Is Solitary Confinement a Good Idea?
Solitary confinement: some say it is the only way to control the most violent prisoners in this country. But the fact of the matter is that across America in the states that have reduced the use of solitary confinement, the rates of violence have actually declined.
Over 100,000 prisoners in American institutions are committed to years, or even decades, in solitary confinement. Many of these prisoners receive subpar services to address mental health issues that brought them to prison in the first place, and those conditions become substantially worse with time in solitary. Not surprisingly, people of color and trans individuals are disproportionately represented in solitary confinement.
Why it is Harmful
Social isolation is not good for human beings: period. Long periods of coerced idleness for prisoners deprives them of the basic human entanglements and productive undertakings that are necessary for sustaining mental health, pro-social thinking, and healthy relationships. Life skills, such as learning how to mediate differences, how to deal with frustrations, and how to find common ground with others becomes can be decimated when people are stuck in isolation for long periods of time, and are replaced with panic, paranoia, depression, self-mutilation, and an alarming rate of suicide. The mental price inmates pay is often in tandem with exacerbated physical conditions such as diabetes, hypertension, and heart issues.
After Solitary Confinement
When prisoners who’ve spent lengthy stays in solitary confinement are released, they are at higher risk of a life of crime and substance use disorders than their peers. They are also at a higher risk of rearrest.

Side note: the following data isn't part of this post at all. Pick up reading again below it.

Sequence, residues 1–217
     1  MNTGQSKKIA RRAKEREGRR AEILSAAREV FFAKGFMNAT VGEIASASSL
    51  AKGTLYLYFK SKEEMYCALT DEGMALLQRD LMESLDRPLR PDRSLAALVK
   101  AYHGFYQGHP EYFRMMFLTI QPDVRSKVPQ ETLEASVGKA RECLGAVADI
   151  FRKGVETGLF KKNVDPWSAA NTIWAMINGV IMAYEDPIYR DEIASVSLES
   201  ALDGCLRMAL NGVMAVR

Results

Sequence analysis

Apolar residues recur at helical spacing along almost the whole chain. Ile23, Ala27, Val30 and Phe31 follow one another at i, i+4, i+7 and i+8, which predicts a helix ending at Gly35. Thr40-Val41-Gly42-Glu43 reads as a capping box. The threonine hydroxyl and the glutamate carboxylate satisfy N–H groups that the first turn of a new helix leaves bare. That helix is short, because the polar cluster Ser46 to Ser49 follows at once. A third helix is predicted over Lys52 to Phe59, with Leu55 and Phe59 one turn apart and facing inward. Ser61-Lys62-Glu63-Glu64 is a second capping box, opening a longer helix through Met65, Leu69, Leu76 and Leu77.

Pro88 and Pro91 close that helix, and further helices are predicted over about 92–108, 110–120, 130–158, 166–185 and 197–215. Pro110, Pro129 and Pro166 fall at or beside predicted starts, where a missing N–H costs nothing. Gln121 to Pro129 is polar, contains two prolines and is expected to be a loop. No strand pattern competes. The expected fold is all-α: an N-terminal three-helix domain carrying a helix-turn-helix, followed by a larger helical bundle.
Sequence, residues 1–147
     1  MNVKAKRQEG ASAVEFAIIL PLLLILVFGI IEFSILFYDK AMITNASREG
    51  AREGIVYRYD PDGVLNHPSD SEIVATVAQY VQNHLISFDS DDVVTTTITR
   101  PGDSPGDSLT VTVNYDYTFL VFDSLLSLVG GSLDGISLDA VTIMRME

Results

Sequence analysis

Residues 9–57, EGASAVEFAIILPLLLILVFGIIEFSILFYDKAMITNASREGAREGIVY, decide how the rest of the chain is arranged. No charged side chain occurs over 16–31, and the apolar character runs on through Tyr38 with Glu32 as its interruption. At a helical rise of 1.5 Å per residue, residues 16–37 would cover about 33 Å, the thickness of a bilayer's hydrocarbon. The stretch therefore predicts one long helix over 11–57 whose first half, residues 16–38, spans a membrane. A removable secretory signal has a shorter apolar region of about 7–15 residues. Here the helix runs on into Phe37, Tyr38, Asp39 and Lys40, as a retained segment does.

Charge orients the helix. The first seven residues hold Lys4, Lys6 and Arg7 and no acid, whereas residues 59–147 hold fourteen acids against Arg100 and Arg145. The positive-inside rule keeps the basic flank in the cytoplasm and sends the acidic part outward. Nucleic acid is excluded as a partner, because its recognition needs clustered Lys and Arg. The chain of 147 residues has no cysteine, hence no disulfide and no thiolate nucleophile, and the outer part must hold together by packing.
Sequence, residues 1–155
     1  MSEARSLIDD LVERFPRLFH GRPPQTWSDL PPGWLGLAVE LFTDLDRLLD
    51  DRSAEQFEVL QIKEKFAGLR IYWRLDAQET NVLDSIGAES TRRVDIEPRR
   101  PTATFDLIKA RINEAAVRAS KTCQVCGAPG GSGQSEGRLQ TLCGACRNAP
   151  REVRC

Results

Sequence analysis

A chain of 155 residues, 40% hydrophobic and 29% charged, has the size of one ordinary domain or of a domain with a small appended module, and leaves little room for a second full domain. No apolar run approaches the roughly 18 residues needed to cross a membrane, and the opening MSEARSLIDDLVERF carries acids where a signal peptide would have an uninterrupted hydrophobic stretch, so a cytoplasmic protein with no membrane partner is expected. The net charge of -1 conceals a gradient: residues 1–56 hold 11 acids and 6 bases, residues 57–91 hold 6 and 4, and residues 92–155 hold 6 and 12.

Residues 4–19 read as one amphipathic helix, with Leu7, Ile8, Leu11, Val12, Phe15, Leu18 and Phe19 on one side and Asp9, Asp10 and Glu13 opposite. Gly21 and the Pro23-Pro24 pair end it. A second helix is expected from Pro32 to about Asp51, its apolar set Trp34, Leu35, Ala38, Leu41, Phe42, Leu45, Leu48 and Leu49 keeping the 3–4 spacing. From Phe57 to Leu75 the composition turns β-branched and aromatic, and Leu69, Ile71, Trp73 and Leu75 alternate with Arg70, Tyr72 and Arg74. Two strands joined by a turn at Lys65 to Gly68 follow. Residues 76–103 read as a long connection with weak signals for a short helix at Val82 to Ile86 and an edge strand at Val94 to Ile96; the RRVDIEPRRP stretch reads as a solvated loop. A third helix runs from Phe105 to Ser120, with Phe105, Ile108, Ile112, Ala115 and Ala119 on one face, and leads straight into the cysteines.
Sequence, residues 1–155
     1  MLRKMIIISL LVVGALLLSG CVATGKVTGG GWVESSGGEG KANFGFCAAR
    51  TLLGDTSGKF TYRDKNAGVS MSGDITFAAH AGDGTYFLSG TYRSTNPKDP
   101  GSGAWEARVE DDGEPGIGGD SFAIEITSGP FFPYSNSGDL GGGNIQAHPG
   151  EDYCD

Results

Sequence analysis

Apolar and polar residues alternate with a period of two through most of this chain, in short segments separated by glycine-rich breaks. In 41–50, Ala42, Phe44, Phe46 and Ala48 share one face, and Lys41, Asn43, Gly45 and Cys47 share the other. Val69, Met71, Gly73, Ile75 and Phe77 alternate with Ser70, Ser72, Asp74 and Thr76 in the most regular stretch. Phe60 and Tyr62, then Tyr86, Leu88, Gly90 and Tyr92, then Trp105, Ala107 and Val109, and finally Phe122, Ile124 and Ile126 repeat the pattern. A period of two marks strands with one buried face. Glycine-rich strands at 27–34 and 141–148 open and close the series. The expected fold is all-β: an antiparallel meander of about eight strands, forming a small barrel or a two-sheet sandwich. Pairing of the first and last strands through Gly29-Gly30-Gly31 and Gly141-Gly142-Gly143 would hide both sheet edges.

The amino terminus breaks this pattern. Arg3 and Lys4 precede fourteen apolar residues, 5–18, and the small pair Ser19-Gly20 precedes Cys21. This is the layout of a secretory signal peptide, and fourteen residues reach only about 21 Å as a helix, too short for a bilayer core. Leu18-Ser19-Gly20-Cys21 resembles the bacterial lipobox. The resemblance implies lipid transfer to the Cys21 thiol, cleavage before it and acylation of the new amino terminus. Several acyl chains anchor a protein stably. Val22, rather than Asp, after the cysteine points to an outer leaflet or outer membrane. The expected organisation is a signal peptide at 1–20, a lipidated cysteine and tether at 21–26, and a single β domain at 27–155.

Here in the Silver State, a 2019 study revealed that a higher percentage of the prison population experiences solitary confinement than in other states. Laws ending long-term solitary confinement have been proposed to protect prisoners from the worst situations. SB 307 would require the least possible restriction for as short a time as possible. In other states across the country, prison officials pretend to be bending to the will of the public by agreeing to limit solitary confinement, when they are simply renaming the practice as “special housing.” In some cases, instead of 24 hours in isolation, they are keeping prisoners alone in their cells for 23.5 hours. Instead of providing prisoners with compassionate rehabilitative programming, too many states are simply keeping these prisoners out of sight, out of mind.
Fighting for Defendants
At Lobo Law, our dedicated Las Vegas criminal defense attorneys always fight for the best possible outcomes for our clients. We know that every person is entitled to a rigorous defense, and that is precisely what we provide. To discuss your case, schedule a confidential consultation in our office today.